While you are traveling in Spain and Andorra, you are subject to its laws even if you are a U.S. citizen. Foreign laws and legal systems can be vastly different from our own and criminal penalties will vary from country to country. In Spain, driving under the influence could land you immediately in jail. There are also some things that might be legal in the country you visit, but still illegal in the United States. You can be prosecuted under U.S. law if you buy pirated goods. Engaging in sexual conduct with children or using or disseminating child pornography in a foreign country is a crime prosecutable in the United States. If you break local laws in Spain and Andorra, your U.S. passport or citizenship won’t help you avoid arrest or prosecution. It’s very important to know what’s legal and what’s not wherever you go.
Persons violating the laws of Spain and Andorra, even unknowingly, may be expelled, arrested, or imprisoned. Penalties for possessing, using, or trafficking illegal drugs in Spain and Andorra are severe, and convicted offenders can expect long jail sentences and heavy fines. The cities of Madrid and Barcelona and the Balearic Islands regional government have banned the consumption of alcohol in the street, other than in registered street cafes and bars. Visitors to Madrid, Barcelona, Mallorca, Ibiza, and Menorca should be aware that failure to respect this law might result in the imposition of fines. Throughout Spain and Andorra, driving under the influence could land you immediately in jail.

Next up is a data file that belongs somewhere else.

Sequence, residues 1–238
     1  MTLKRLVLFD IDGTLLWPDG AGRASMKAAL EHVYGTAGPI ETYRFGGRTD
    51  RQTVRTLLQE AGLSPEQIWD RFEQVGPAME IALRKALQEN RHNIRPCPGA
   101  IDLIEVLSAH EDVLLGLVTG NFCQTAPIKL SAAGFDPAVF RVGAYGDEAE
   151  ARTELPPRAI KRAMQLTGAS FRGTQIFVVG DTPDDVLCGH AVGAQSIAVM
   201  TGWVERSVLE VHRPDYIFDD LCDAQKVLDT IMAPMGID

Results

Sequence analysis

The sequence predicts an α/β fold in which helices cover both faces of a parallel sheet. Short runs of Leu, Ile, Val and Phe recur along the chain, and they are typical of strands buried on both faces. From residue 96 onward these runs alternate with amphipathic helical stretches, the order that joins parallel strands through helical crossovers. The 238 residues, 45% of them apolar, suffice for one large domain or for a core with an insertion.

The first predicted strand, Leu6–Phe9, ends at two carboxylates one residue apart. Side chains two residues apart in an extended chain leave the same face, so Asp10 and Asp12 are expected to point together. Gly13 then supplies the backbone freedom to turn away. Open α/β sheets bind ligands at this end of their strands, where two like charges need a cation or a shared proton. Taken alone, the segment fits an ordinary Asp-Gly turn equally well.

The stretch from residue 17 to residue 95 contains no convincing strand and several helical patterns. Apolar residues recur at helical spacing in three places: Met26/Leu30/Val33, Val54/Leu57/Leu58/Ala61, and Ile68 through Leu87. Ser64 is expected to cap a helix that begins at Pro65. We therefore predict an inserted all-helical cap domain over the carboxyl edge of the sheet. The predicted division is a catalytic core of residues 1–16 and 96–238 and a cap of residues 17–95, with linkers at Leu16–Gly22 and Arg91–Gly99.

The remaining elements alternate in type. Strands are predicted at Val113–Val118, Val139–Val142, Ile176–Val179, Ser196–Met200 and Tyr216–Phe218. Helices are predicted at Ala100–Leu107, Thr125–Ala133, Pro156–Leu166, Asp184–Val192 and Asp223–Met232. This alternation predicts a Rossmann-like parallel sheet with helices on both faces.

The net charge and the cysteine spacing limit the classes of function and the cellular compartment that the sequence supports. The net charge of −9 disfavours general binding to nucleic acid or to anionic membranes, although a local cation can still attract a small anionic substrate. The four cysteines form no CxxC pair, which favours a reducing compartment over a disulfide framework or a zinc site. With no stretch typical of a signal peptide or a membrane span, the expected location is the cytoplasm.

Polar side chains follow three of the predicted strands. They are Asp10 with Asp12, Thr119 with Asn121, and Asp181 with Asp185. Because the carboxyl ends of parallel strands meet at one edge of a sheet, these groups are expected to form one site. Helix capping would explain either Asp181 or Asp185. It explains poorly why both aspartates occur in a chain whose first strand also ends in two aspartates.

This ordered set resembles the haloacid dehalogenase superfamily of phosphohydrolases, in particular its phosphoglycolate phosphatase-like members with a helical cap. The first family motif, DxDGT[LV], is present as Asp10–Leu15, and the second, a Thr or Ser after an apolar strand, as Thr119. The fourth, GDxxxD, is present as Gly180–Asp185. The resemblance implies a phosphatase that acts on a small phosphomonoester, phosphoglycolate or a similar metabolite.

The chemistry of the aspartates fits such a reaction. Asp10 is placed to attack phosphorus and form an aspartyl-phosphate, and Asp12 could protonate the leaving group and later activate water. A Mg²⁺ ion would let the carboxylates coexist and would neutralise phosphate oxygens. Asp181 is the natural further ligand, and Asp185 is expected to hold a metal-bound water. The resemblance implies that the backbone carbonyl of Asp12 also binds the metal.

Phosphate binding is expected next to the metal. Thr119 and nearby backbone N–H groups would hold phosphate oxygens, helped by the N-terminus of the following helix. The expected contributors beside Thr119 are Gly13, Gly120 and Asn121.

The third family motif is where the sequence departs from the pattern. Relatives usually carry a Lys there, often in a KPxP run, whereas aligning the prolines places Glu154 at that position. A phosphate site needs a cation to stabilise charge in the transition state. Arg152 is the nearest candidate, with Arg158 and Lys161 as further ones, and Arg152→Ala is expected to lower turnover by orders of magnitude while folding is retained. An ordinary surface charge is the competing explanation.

Spain takes illegal immigration seriously and police may stop people to ask for identification and proof of legal status. We recommend that you carry a copy of your U.S. passport at all times.
While some countries will automatically notify the nearest U.S. embassy or consulate if a U.S. citizen is detained or arrested in a foreign country, that might not always be the case here. To ensure that the United States Government is aware of your circumstances, request that the police and prison officials notify the nearest U.S. embassy or consulate as soon as you are arrested or detained overseas.
You are responsible for ensuring that you meet and comply with foreign entry requirements, and health requirements and that you possess the appropriate travel documents. Information provided is subject to change without notice. One should confirm content prior to traveling from other reliable sources. Information published on this website may contain errors. You travel at your own risk and no warranties or guarantees are provided by us.